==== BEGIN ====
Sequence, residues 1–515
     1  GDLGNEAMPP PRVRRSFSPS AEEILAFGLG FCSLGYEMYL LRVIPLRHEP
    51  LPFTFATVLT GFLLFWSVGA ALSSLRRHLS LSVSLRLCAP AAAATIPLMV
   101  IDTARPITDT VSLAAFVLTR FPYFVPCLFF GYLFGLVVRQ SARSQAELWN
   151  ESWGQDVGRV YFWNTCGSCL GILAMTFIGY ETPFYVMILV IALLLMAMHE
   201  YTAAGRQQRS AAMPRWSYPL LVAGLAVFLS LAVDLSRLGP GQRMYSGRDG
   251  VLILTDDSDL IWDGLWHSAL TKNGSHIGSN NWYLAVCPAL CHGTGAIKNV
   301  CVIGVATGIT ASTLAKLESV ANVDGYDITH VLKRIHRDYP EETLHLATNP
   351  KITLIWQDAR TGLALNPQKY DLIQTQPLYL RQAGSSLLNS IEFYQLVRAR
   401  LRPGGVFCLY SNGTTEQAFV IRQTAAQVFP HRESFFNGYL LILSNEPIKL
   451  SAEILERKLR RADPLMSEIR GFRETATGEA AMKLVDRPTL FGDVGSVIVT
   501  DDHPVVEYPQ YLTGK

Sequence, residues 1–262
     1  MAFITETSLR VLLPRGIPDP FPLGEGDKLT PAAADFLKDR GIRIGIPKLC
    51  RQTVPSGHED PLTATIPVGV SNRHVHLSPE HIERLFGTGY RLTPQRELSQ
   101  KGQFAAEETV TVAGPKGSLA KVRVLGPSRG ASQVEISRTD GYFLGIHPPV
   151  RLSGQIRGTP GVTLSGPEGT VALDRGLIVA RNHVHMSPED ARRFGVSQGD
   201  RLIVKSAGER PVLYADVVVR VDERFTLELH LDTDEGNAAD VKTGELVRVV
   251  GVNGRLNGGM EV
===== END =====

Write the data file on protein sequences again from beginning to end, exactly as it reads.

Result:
Sequence, residues 1–515
     1  GDLGNEAMPP PRVRRSFSPS AEEILAFGLG FCSLGYEMYL LRVIPLRHEP
    51  LPFTFATVLT GFLLFWSVGA ALSSLRRHLS LSVSLRLCAP AAAATIPLMV
   101  IDTARPITDT VSLAAFVLTR FPYFVPCLFF GYLFGLVVRQ SARSQAELWN
   151  ESWGQDVGRV YFWNTCGSCL GILAMTFIGY ETPFYVMILV IALLLMAMHE
   201  YTAAGRQQRS AAMPRWSYPL LVAGLAVFLS LAVDLSRLGP GQRMYSGRDG
   251  VLILTDDSDL IWDGLWHSAL TKNGSHIGSN NWYLAVCPAL CHGTGAIKNV
   301  CVIGVATGIT ASTLAKLESV ANVDGYDITH VLKRIHRDYP EETLHLATNP
   351  KITLIWQDAR TGLALNPQKY DLIQTQPLYL RQAGSSLLNS IEFYQLVRAR
   401  LRPGGVFCLY SNGTTEQAFV IRQTAAQVFP HRESFFNGYL LILSNEPIKL
   451  SAEILERKLR RADPLMSEIR GFRETATGEA AMKLVDRPTL FGDVGSVIVT
   501  DDHPVVEYPQ YLTGK

Sequence, residues 1–262
     1  MAFITETSLR VLLPRGIPDP FPLGEGDKLT PAAADFLKDR GIRIGIPKLC
    51  RQTVPSGHED PLTATIPVGV SNRHVHLSPE HIERLFGTGY RLTPQRELSQ
   101  KGQFAAEETV TVAGPKGSLA KVRVLGPSRG ASQVEISRTD GYFLGIHPPV
   151  RLSGQIRGTP GVTLSGPEGT VALDRGLIVA RNHVHMSPED ARRFGVSQGD
   201  RLIVKSAGER PVLYADVVVR VDERFTLELH LDTDEGNAAD VKTGELVRVV
   251  GVNGRLNGGM EV